Emerging Roles for VEGF-D in Human Disease
Tumour Angiogenesis and Microenvironment Program, Peter MacCallum Cancer Centre, 305 Grattan St., Melbourne, VIC 3000, Australia
Sir Peter MacCallum Department of Oncology, University of Melbourne, Parkville, VIC 3010, Australia
Authors to whom correspondence should be addressed.
Biomolecules 2018, 8(1), 1; https://doi.org/10.3390/biom8010001
Received: 22 November 2017 / Revised: 22 December 2017 / Accepted: 28 December 2017 / Published: 4 January 2018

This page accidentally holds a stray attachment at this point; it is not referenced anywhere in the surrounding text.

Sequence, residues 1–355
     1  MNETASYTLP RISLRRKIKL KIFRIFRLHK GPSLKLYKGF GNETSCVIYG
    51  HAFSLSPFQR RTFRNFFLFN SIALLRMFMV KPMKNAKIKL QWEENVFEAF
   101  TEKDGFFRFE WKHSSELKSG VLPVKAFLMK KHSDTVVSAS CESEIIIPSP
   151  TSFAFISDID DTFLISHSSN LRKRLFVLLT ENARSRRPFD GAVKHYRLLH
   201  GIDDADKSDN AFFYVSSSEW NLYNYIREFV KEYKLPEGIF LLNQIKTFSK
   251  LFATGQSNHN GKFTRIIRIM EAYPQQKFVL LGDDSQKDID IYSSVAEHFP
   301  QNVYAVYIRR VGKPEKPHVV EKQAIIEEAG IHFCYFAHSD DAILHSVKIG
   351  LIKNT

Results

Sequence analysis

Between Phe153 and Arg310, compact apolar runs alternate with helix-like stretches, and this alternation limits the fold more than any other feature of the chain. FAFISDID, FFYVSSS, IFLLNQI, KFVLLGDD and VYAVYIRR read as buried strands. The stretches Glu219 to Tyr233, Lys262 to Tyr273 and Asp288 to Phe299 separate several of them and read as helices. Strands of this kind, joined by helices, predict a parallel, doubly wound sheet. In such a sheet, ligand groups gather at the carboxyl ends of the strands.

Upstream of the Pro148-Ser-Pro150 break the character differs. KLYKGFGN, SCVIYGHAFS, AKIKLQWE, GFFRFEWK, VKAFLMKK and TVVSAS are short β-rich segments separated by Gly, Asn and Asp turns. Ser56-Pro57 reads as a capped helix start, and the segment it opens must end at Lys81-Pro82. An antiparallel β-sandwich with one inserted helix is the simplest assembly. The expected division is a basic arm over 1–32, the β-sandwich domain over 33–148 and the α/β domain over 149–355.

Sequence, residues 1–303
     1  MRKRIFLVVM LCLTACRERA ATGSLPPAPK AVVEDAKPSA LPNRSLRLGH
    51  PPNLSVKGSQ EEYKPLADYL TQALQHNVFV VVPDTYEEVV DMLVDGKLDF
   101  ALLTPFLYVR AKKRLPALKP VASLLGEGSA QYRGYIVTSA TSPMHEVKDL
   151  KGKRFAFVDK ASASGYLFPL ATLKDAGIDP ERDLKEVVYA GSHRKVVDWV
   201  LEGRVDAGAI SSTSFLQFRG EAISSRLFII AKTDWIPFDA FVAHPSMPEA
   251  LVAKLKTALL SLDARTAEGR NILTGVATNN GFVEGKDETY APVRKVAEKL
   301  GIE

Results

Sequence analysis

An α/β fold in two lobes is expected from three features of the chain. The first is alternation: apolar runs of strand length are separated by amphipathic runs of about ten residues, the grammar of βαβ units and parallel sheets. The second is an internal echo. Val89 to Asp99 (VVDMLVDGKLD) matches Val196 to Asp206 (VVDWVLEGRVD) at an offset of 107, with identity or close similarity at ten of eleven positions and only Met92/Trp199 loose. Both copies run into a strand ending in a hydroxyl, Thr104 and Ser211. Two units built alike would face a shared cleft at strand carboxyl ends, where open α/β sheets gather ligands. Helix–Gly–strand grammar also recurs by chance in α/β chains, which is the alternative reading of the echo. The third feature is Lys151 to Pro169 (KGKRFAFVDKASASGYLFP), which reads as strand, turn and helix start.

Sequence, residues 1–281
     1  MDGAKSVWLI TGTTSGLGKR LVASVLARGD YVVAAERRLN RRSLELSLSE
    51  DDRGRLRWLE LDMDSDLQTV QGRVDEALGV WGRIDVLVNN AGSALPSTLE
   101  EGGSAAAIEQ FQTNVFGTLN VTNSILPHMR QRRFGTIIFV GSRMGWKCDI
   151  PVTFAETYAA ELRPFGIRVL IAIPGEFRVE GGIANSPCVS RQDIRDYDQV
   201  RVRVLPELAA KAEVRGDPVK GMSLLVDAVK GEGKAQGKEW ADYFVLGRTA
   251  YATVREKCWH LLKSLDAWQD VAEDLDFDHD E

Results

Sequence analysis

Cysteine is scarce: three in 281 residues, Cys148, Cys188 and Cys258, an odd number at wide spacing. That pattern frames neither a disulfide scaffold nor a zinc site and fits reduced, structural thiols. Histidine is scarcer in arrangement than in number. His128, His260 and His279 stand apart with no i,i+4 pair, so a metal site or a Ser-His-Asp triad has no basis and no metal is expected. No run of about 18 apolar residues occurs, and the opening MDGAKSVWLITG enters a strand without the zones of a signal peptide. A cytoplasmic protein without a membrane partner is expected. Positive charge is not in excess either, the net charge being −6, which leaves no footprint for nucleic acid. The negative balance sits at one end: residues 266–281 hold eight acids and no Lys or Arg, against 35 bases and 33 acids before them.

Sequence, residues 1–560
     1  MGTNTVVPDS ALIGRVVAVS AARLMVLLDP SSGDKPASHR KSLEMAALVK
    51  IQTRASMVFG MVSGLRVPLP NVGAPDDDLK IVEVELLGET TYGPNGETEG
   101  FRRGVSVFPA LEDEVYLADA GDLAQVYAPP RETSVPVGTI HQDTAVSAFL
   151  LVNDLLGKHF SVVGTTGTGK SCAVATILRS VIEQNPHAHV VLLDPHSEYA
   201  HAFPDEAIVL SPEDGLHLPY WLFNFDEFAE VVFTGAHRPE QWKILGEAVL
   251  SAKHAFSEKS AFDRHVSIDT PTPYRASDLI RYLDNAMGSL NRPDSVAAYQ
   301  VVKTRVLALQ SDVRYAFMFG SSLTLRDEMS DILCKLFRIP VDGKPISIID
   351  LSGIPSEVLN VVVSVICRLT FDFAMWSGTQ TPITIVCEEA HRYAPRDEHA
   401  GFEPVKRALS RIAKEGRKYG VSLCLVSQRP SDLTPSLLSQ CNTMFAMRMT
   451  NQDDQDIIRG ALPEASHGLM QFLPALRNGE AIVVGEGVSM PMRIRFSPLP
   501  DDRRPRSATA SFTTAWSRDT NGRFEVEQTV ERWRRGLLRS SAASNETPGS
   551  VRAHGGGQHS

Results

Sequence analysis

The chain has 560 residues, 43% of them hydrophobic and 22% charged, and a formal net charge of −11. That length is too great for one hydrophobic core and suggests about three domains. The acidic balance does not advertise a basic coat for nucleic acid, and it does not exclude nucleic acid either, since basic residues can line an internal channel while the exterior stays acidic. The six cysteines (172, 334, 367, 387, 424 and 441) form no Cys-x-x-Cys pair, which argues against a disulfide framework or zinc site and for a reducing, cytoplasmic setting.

Blood vessels and lymphatic vessels are located in many tissues and organs throughout the body, and play important roles in a wide variety of prevalent diseases in humans. Vascular endothelial growth factor-D (VEGF-D) is a secreted protein that can promote the remodeling of blood vessels and lymphatics in development and disease. Recent fundamental and translational studies have provided insight into the molecular mechanisms by which VEGF-D exerts its effects in human disease. Hence this protein is now of interest as a therapeutic and/or diagnostic target, or as a potential therapeutic agent, in a diversity of indications in cardiovascular medicine, cancer and the devastating pulmonary condition lymphangioleiomyomatosis. This has led to clinical trial programs to assess the effect of targeting VEGF-D signaling pathways, or delivering VEGF-D, in angina, cancer and ocular indications. This review summarizes our understanding of VEGF-D signaling in human disease, which is largely based on animal disease models and clinicopathological studies, and provides information about the outcomes of recent clinical trials testing agonists or antagonists of VEGF-D signaling.